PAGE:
A Florida letter writer gets it, telling drivers to calm down, put their phones down and pay attention when they see someone on a bike.



You think? Gizmodo says maybe dockless bikeshare isn’t a good idea, as abandoned bikes turn up everywhere.

Modacity looks at the insanity of licensing bicyclists, especially when it comes to kids.

Spend your next bike vacation touring Cuba.

The Calgary mountain biker who claimed to have been clotheslined by barbed wire strung over a trail says people have turned on him, questioning the legitimacy of his story — and his now-closed crowdfunding campaign.

Probably wasn’t the best idea. A British headmaster is looking for a new job after calling in sick so he could go on a charity bike ride in Cuba.

A Welsh cyclist got a medal for finishing a charity ride, despite getting lost and ending up riding with the pro cyclists. And so did his dog.

A South African cyclist is on trial for an alleged bike rage attack on two motorists; he claims the driver had “been impatient” with other bicyclists and made him fall off his bike. This is what happens when you can’t control your temper; instead of holding an impatient driver accountable, it’s the guy on the bike who’s facing jail time.

The New York Times examines why people on bicycles inspire such animosity in Australia. And pretty much anywhere else. Thanks to Victor Bank for the heads-up.



Your next bike could be a fire truck. Or maybe a $10,000 eco-friendly wooden bike made with no-so-eco-friendly carbon fiber. Or just effing weird.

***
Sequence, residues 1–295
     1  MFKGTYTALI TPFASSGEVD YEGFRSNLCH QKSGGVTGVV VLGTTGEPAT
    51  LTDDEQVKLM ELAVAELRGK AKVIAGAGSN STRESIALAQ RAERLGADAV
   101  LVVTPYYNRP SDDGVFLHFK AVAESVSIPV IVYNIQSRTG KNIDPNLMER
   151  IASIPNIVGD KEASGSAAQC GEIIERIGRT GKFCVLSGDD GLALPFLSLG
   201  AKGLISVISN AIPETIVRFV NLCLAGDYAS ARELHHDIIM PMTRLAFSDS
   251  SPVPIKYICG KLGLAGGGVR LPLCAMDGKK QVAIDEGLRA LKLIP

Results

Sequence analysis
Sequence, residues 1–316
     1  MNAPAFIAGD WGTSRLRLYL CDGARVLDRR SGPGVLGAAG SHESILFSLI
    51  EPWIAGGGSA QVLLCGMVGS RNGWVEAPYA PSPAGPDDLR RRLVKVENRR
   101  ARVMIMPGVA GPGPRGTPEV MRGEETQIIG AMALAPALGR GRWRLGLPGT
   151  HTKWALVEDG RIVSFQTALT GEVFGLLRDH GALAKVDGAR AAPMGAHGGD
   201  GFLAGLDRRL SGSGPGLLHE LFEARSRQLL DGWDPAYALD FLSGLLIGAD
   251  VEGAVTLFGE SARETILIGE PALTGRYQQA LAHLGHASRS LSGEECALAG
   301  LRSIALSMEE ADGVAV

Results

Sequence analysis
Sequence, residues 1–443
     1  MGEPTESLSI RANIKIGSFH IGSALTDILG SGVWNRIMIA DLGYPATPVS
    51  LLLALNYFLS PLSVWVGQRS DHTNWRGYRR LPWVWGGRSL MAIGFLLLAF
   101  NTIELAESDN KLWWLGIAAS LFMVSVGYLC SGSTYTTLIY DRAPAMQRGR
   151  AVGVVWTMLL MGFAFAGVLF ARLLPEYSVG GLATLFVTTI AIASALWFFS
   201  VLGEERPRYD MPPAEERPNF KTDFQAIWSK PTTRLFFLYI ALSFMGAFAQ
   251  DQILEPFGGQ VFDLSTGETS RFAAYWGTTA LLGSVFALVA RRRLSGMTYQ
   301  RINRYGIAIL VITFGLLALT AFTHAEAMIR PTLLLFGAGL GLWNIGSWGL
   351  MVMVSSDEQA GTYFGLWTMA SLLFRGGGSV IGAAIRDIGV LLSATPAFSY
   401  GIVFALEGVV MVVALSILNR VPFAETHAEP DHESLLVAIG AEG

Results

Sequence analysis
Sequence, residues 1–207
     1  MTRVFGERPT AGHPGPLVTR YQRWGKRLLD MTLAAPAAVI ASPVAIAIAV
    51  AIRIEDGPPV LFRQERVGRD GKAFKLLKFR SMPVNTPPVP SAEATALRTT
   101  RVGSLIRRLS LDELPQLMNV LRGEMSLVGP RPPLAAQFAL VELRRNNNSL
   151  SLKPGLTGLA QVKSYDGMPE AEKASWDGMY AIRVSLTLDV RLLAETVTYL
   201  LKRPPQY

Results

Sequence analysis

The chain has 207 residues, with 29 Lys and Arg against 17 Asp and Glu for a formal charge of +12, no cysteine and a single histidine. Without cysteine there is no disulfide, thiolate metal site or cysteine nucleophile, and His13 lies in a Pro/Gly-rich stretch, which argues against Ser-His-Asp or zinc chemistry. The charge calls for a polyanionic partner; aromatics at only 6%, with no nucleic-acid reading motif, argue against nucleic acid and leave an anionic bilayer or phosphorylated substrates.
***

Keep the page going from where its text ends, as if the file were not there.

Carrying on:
And new anti-lock bike brakes could promise an end to the endo.



  1. ….anti-lock bike brakes could promise an end to the endo.

    The author writes that “Most bicycle riders experience the dreaded endo at some point.”, but I really wonder if that’s true. I’m just one data point, but I’ve never had a braking-induced endo, and I don’t even know anyone who has.

    The potential for quickly stopping a heavy 20 mph ebike on a rain-slicked street makes more sense to me, but that still seems like a situation faced by just a tiny fraction of the market.

    Is this a solution in search of a problem?

  2. bikinginla says:

    Count me in that minority, then. I’ve done two from hitting objects in the road, and one from a panic stop when some jerk brake checked me.

  3. GD says:

    “A Burbank letter writer says he always rides his bike as far to the right as safely possible, and gets irritated at bike riders who don’t when he’s behind the wheel. In other words, he turns into an angry driver when he sees bicyclists riding safely in the center of the lane, just like they’re supposed to, because that’s not the way he does it.”

    Probably this is the best LA cycling blog in terms of amount of content, but the editorial position is exasperatingly dogmatic and entitled. Truly you’re a believer, thick or thin, and I’m sure there’s an audience for that. Just not this lifetime rider of LA streets.

    • bikinginla says:

      Oh, come on now.

      I write about riding in the center of the lane because that’s what both the League of American Bicyclists and Cycling Savvy teach. And what the state DMV recommends when riding on unsharable lanes, which is most right lanes in the LA area. If that’s entitled and dogmatic, take it up with them.